A David-and-Goliath Story

By Retta Blaney

Like many people, actor Brian d’Arcy James was aware of news coverage of sexual abuse by clergy in the Roman Catholic Archdiocese of Boston 15 years ago, but he did not follow it closely. He had no way of knowing that coverage would one day be part of his life.

“It was on my radar,” he said. “I received information wholesale and processed it as best I could.”

It was not until he read the script for Spotlight, the new film based on The Boston Globe’s four-member investigative team that pursued and broke the story, that he understood its magnitude. “For me it was an education in terms of the size and scope, and the ramifications of the reporting.”

He saw the coverage as “a beacon of sorts,” coming as it did from a mainstream news source. “People who perhaps had not been heard or believed prior to that could say, This is my story.”

James, 47, discussed the film in his dressing room at Broadway’s St. James Theatre, where he is starring in the hit musical Something Rotten! James, a churchgoing Catholic, said that portraying Globe reporter Matt Carroll helped him see the cover-up as “an institutional problem with significant and widespread consequences,” but he still finds spiritual comfort in Catholicism.

“It’s not something to make me leave the church,” he said. “I lost a lot of faith in the institution. I’m still baffled by it, but it didn’t stop me altogether. I’d be lying if I said it didn’t slow me down.

“My impulse is still to attend church and experience the ritual of the Mass.”

The movie’s goal is not to make the church look bad, he said. “It’s the responsibility of anyone in power to do the right thing. When they don’t, they have to be held accountable.”

It’s happenstance, he said, that the film is being released soon after Pope Francis’s American tour, which was largely a boost for the church’s image because of the pope’s popularity. James does not think the film will dim that glow.

“It’s a great thing, because the pope made comments about sexual abuse in the Catholic Church. He said, ‘God weeps.’ He said he will hold people accountable and I hope he does. I wish he had spent more time on that subject matter, but he started a conversation. That creates a space where dialogue can occur. It all comes back to accountability.

“Catholics can see this film without defensiveness.”

During his childhood in Saginaw, Michigan, James attended St. Stephen School. “The teachers taught us to value education in the way they taught us to think. It was a great benefit. My education taught me to till the soil of a subject.”

He was influenced by how his parents drew “a great deal of strength and solace” from their faith.

“It allowed them to live lives fulfilling for them. It taught them and me to live a life of thoughtfulness, generosity, and respect for others, the Golden Rule.

“My identity has been shaped and formed by my evolution as a Catholic. It’s something I’m proud of.”

He attends Holy Trinity Catholic Church in Sherman, Connecticut, with his wife, actress Jennifer Prescott, and their 14-year-old daughter, Grace. Lately, though, he’s “been porous in [his] attendance.”

The cast performs eight shows per week in Something Rotten! James plays Nick Bottom, a struggling Renaissance playwright who hears from a soothsayer that hit plays will someday involve singing and dancing as well as acting. Bottom sets out to create the world’s first musical. James is onstage for 100 of the show’s 125 minutes. His efforts earned him a Tony Award nomination for best actor. The show received a total of 10 nominations, including one for best new musical.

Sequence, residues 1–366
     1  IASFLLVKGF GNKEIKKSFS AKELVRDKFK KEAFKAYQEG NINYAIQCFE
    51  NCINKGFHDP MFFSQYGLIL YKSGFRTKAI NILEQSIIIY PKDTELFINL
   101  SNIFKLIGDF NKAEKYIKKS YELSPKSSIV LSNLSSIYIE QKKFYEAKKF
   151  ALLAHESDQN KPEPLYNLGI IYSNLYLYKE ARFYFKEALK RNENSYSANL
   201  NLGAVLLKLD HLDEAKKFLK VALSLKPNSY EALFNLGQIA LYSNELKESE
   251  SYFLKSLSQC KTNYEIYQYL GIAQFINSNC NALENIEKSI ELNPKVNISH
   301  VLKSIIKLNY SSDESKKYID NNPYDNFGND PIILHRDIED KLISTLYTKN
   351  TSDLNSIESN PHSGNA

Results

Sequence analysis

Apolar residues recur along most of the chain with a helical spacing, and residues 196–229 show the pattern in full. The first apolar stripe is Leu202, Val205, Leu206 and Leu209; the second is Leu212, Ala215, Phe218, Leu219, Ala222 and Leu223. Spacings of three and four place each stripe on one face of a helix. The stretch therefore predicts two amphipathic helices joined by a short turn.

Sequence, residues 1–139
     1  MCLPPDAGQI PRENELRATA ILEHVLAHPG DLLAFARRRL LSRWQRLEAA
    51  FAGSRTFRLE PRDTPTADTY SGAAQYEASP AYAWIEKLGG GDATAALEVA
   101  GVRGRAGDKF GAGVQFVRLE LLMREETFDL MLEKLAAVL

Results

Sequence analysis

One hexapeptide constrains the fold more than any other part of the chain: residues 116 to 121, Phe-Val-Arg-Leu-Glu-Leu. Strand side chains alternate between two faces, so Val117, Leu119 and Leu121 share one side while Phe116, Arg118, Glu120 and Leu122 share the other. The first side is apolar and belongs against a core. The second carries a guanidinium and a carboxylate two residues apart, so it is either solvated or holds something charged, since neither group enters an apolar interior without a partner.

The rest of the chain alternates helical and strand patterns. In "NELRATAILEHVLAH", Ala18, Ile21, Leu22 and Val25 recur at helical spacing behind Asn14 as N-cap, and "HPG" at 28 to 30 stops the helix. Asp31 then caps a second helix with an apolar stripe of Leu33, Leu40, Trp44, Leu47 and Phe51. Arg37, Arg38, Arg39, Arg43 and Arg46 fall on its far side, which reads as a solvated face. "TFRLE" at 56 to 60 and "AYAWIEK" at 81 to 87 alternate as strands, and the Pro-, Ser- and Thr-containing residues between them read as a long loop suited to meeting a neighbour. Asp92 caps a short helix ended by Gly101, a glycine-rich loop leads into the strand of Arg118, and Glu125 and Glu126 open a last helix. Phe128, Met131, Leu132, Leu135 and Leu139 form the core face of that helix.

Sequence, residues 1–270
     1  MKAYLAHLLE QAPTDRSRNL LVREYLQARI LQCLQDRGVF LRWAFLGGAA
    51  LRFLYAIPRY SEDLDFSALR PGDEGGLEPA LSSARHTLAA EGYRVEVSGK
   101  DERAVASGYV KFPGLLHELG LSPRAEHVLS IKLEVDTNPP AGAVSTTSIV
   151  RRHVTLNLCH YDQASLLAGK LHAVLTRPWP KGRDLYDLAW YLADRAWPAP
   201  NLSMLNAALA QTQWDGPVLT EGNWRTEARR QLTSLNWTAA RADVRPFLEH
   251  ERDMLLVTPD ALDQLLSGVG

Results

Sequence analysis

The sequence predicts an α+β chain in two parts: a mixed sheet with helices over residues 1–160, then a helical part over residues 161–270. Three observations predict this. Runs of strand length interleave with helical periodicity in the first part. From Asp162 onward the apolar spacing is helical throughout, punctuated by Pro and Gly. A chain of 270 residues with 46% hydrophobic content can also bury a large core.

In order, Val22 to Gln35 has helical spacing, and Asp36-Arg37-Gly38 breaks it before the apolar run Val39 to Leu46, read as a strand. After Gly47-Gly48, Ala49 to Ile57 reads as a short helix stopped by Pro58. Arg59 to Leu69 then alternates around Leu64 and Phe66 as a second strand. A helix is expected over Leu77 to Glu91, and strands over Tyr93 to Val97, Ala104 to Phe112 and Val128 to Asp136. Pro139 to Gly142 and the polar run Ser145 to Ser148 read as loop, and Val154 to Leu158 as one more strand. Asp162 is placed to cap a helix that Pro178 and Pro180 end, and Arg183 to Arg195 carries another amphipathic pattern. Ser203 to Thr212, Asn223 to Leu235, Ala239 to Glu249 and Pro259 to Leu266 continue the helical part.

Besides being a regular on New York stages, James has appeared in several TV shows, including Smash and Game Change, as well as many films, including Sisters with Tina Fey and Amy Poehler, which premieres Dec. 18. In mid-December he will be featured in the New York Pops holiday concerts at Carnegie Hall.

While James followed his heart into the theatre, with his background he could easily have moved into politics. His maternal grandfather was governor of Michigan and his father, a lawyer, served on the city council and was involved with Republican fundraising. James heard stories of political life and considered following in the family trade “for a few seconds” before heading to Northwestern University to major in theatre.

In preparing for his role in Spotlight, which also stars Michael Keaton, Liev Schreiber, Mark Ruffalo, and Rachel McAdams, James read Globe coverage and spent time with Carroll to understand who he was and how he worked. Carroll’s work and research became James’s map into the role. People who had suffered abuse told him their stories because of his role in the film.

“It allowed people to speak, to say ‘Let me tell you my story.’ The movie has the potential to do that.”

It’s also a “good, old-fashioned movie,” he says.

“People love a David and Goliath story, especially when it comes to justice. It’s a very compelling thing to watch. Add to that the fact that it’s true, and it’s stunning.”

Image: Brian d’Arcy James, right, stars in Spotlight with Michael Keaton, Liev Schreiber, Mark Ruffalo, Rachel McAdams, and John Slattery.

Retta Blaney is the author of Working on the Inside: The Spiritual Life Through the Eyes of Actors, which includes interviews with Kristin Chenoweth, Edward Herrmann, Liam Neeson, Phylicia Rashad and Vanessa Williams.

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